“Generally, people in racial and ethnic minority groups have been shown to have a higher incidence of COVID-19 and worse outcomes. This study shows a similar trend in Black patients with cancer who have COVID-19. It’s important for health care providers, caregivers, and Black patients to be aware of the potential increased risk of hospitalization due to the virus,” said Sonali M. Smith, MD, ASCO Expert.
This summary includes updated data not in the abstract.
ALEXANDRIA, Va. — A study of more than 500 patients with cancer and COVID-19 at a large cancer center in Boston found that Black patients with cancer and COVID-19 were twice as likely to be hospitalized due to complications related to the virus as compared with white patients. Black patients were at greater risk of a visit to the emergency room. The findings will be presented at the upcoming virtual 2020 American Society of Clinical Oncology (ASCO) Quality Care Symposium.
“In light of these findings, Black patients with cancer should exercise more caution and consistently use strategies to prevent COVID-19 infection,” said Chintan Pandya, MD, PhD, who led the study while working at Dana-Farber Cancer Institute and is now an assistant scientist at the Johns Hopkins Bloomberg School of Public Health. “When a vaccine for COVID-19 is available, it should be offered to high-risk patients first. For now, though, preventive measures are the most effective tool.”
Study at a Glance
The effect of race on hospitalization in patients with cancer who tested positive for COVID-19
557 patients with cancer who tested positive for COVID-19 and had at least one visit at a single cancer institute in the past year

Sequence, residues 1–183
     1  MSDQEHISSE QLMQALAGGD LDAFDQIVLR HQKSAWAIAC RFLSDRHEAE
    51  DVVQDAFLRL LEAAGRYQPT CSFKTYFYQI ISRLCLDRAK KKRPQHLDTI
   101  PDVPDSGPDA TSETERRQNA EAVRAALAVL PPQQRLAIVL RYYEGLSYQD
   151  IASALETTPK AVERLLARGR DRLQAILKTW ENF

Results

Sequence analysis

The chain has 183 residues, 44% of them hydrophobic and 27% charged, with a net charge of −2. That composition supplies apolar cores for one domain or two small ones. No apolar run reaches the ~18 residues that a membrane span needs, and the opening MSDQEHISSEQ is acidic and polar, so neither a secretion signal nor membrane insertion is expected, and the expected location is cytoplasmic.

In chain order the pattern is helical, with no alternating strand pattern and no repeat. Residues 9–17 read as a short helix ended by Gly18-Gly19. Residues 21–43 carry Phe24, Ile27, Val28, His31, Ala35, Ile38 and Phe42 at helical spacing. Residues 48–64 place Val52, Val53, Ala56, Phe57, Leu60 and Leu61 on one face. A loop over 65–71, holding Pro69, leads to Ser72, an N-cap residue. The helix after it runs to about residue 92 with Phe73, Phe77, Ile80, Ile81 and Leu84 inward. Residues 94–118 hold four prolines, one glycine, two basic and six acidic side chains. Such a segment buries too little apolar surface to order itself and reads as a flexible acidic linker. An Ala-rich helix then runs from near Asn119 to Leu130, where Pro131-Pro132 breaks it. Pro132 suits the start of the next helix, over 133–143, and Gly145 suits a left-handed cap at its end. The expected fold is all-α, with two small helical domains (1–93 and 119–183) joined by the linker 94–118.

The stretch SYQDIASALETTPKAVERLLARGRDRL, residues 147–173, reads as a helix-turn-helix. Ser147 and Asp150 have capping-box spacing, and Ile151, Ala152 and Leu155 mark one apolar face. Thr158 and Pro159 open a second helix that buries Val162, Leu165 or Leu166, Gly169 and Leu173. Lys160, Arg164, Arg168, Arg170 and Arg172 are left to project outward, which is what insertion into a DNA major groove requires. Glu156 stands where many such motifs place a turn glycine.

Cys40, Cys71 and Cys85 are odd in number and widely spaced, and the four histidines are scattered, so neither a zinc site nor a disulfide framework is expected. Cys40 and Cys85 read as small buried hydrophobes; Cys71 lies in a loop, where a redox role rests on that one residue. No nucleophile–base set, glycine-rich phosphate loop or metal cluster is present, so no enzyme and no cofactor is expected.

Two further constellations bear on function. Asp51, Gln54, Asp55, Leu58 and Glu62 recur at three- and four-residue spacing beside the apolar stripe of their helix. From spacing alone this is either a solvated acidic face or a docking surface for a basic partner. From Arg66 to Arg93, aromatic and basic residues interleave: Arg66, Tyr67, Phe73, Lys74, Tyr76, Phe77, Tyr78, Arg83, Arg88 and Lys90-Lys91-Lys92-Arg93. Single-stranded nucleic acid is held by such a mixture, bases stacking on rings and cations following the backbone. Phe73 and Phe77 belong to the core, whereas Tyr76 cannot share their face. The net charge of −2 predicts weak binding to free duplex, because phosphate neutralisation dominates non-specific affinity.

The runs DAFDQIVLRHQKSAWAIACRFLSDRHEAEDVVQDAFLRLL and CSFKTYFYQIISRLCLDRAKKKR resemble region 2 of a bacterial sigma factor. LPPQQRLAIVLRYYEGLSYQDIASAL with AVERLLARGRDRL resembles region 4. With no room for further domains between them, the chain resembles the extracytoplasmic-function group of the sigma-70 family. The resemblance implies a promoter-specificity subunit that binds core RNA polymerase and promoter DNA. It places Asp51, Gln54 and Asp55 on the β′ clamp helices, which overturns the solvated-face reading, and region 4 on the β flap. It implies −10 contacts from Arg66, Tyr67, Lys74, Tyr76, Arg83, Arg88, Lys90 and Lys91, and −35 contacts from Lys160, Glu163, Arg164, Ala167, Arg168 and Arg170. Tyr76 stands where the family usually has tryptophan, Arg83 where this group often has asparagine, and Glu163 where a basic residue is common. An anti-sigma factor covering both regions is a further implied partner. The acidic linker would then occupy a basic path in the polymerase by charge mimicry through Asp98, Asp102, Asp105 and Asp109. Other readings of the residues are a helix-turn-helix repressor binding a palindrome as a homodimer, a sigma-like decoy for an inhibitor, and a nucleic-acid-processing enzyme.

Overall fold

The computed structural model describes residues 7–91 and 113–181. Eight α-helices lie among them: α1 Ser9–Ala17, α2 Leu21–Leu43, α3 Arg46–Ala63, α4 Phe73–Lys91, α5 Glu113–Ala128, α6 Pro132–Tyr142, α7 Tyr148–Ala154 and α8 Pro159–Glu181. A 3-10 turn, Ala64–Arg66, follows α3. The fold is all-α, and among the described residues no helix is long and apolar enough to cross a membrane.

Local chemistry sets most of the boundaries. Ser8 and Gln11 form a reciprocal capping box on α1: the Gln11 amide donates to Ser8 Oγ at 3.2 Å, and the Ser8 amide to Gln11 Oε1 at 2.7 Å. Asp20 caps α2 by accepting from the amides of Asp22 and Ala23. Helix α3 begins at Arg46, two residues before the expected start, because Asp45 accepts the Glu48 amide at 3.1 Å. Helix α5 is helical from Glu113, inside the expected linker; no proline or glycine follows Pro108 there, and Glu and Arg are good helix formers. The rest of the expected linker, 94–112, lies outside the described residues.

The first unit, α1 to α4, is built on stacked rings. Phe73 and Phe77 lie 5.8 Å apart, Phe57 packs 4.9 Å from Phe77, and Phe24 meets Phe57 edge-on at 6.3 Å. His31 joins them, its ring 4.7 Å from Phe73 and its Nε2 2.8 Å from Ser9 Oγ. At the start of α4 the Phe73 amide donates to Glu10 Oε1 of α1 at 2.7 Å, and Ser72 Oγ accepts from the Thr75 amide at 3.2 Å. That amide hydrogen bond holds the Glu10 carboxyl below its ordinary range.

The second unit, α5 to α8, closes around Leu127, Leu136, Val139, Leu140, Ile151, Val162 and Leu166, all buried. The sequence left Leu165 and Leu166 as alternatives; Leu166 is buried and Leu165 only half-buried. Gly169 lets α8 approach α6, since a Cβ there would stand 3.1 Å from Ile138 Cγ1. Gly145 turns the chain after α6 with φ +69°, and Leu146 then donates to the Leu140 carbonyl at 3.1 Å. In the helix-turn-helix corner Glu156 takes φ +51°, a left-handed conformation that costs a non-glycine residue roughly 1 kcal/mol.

Black race was independently associated with higher odds of hospitalization due to COVID-19 as compared with white race, after adjusting for confounding factors
Highlights importance of racial differences related to COVID-19 in patients with cancer
In this retrospective observational quality of care study, researchers examined electronic medical records for 557 patients with cancer who tested positive for COVID-19 between March 1 and June 10, 2020, and had at least one visit in the past year at a single cancer center.
While 14% (79) of the patients included in the analysis were Black, these patients accounted for 19% (18) of hospitalizations and 27% (15) of emergency room visits due to COVID-19. After controlling for demographics, comorbidities, and cancer variables, Black race was independently associated with a more than two-fold higher risk of hospitalization when compared with white race.
The results are consistent with previous reports that U.S. minority populations experience greater illness severity and health consequences from COVID-19. However, similar data for patients with a cancer diagnosis is limited.
About the Study
Demographics, non-cancer comorbidities, cancer type, and treatment were captured from electronic health records. Hospitalization and emergency room visits were assessed from the time of laboratory confirmation of a COVID-19 diagnosis up to 30 days later.
This was a single institution study and additional research is needed to determine whether these results are generalizable beyond the population studied.
The researchers plan to compare patients with cancer who tested negative for COVID-19 with those who tested positive to further explore differences related to race.
No external funding was received.
For your readers:
View the disclosures for the 2020 ASCO Quality Care Symposium News Planning Team: https://s3.amazonaws.com/files.oncologymeetings.org/prod/s3fs-public/2020-08/QCS20-committeedisclosures%20%26%20newsplanning.pdf?null
Disclosures for the study authors can be found in the abstract.
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